UN chief hails South Sudan ceasefire agreement
UN Secretary-General Ban Ki-moon has welcomed a ceasefire agreement signed by South Sudanese President Salva Kiir and rebel leader Riek Machar.
United Nations: UN Secretary-General Ban Ki-moon has welcomed a ceasefire agreement signed by South Sudanese President Salva Kiir and rebel leader Riek Machar.
"The secretary-general welcomes the signing in Addis Ababa today (Friday)... of an agreement to resolve the crisis in South Sudan," Xinhua quoted a statement issued here Friday night by Ban`s spokesman as saying.
Ban "demands that the parties immediately translate these commitments into action on the ground, in particular the cessation of all hostilities".
Kiir and Machar inked the ceasefire accord earlier Friday after their first face-to-face meeting in the Ethiopian capital since a war broke out in mid-December last year.
They agreed that a transitional government offered the "best chance" to take the world`s youngest country towards elections next year, though there was no immediate decision on who would be part of an interim administration.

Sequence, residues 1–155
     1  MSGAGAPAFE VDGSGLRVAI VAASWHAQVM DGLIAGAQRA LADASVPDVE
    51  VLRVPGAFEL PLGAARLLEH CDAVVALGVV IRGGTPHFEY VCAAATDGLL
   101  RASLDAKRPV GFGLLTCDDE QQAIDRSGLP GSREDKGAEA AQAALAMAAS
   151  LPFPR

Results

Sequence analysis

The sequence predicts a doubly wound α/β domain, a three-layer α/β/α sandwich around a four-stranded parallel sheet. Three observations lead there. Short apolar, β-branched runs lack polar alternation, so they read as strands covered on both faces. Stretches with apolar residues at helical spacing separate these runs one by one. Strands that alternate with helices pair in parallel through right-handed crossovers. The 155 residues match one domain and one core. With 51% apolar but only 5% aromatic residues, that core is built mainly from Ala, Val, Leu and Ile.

Under the agreement, the truce will take effect within 24 hours and both sides agreed to disengage their forces and refrain from any provocative actions.
Friday`s meeting was held under the mediation of the regional bloc known as the Intergovernmental Authority on Development (IGAD).
"The secretary-general commends the Intergovernmental Authority on Development, and in particular its chair Prime Minister Hailemariam Desalegn of Ethiopia, for its ongoing efforts to mediate a peaceful and sustainable end to the conflict," said the statement.
Violence swept South Sudan since mid-December 2013 after fighting broke out in capital Juba between soldiers loyal to Kiir and forces who sided with Machar, the former vice president.
Fighting has continued in various parts of the country despite the signing of a cessation of hostilities agreement by the main parties to the conflict in January.
In total, 923,000 South Sudanese are displaced within their own country, while more than 293,000 people have become refugees in neighbouring countries, such as Uganda, Ethiopia, Kenya and Sudan. Some 4.9 million people need humanitarian assistance.